Dail chairman saves taxpayer €300,000 by cutting his staff
THE new Dail Ceann Comhairle Seamus Kirk has saved the taxpayer at least €300,000 by slashing the number of staff in his office.
His predecessor, John O'Donoghue, had more than doubled the number of staff in the Ceann Comhairle's office to eight when he took over.
But according to documents obtained under the Freedom of Information (FoI) Act, Mr Kirk has now reversed this decision and will have a staff of just three people.
Mr Kirk will have a private secretary, a junior clerk and a clerical officer, with an annual wage bill totalling €187,000.
In contrast, Mr O'Donoghue had a private secretary, two executive officers, four clerical officers and a special adviser at an annual cost of €487,000.
So the Ceann Comhairle's staff wage bill will be 60pc less -- a saving of €300,000 to the taxpayer for each year he serves.
As part of his own review of the staff numbers, Mr Kirk has decided not to hire a special adviser, unlike Mr O'Donoghue who had employed his former ministerial adviser, Dan Collins, on a salary of around €100,000.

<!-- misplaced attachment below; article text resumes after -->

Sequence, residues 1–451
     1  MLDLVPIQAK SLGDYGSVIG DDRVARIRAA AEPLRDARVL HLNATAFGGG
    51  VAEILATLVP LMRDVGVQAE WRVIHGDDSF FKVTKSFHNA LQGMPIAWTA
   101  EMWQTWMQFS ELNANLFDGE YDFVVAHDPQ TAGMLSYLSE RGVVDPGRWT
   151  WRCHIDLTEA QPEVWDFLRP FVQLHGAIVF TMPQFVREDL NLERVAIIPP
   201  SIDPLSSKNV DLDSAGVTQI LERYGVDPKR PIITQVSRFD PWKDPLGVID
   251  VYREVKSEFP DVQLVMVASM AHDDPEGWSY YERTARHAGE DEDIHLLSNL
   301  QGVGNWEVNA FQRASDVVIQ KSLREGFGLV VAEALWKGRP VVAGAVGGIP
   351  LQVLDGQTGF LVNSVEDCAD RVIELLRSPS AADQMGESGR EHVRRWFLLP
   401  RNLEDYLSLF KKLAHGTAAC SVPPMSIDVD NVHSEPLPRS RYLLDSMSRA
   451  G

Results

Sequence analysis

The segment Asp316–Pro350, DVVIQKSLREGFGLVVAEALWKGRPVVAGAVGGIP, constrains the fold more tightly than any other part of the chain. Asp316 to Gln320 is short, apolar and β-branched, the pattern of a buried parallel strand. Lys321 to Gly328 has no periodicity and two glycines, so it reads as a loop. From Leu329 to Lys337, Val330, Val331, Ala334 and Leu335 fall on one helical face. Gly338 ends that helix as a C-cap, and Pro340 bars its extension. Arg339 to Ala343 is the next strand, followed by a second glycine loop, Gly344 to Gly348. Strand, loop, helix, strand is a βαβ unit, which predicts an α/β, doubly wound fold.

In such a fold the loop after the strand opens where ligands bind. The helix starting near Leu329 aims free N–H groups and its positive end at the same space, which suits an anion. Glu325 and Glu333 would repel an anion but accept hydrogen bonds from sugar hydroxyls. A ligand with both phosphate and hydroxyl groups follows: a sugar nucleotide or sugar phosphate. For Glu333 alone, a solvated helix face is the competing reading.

The need for such an adviser had been questioned by Fine Gael, given Mr O'Donoghue's primary role was to maintain order in the Dail and adjudicate on disputes there.
The FoI request reveals that the Leas Cheann Comhairle, Labour TD Brendan Howlin, has also voluntarily cut his number of office staff. He previously had three staff, but this is now two (one private secretary and one clerical officer).
The annual staffing cost will reduce from €173,000 to €133,000, a saving of €40,000.
The Oireachtas Commission, which is headed by Mr Kirk, is also considering rowing back on the number of foreign trips.
Back in November 2007, its members had voted to increase the annual travel budget for Mr O'Donoghue and fellow office holders such as Leas Cheann Comhairle Brendan Howlin from €100,000 to €160,000.
At the same time, Mr O'Donoghue was given permission by the commission to bring his wife, Kate Ann, with him on his controversial foreign trips.
But the commission could reduce the travel budget of the office from €160,000 to €85,000 -- a 40pc cut.
Mr Kirk himself made his first major trip abroad last week when he travelled to the United States for the St Patrick's Day celebrations.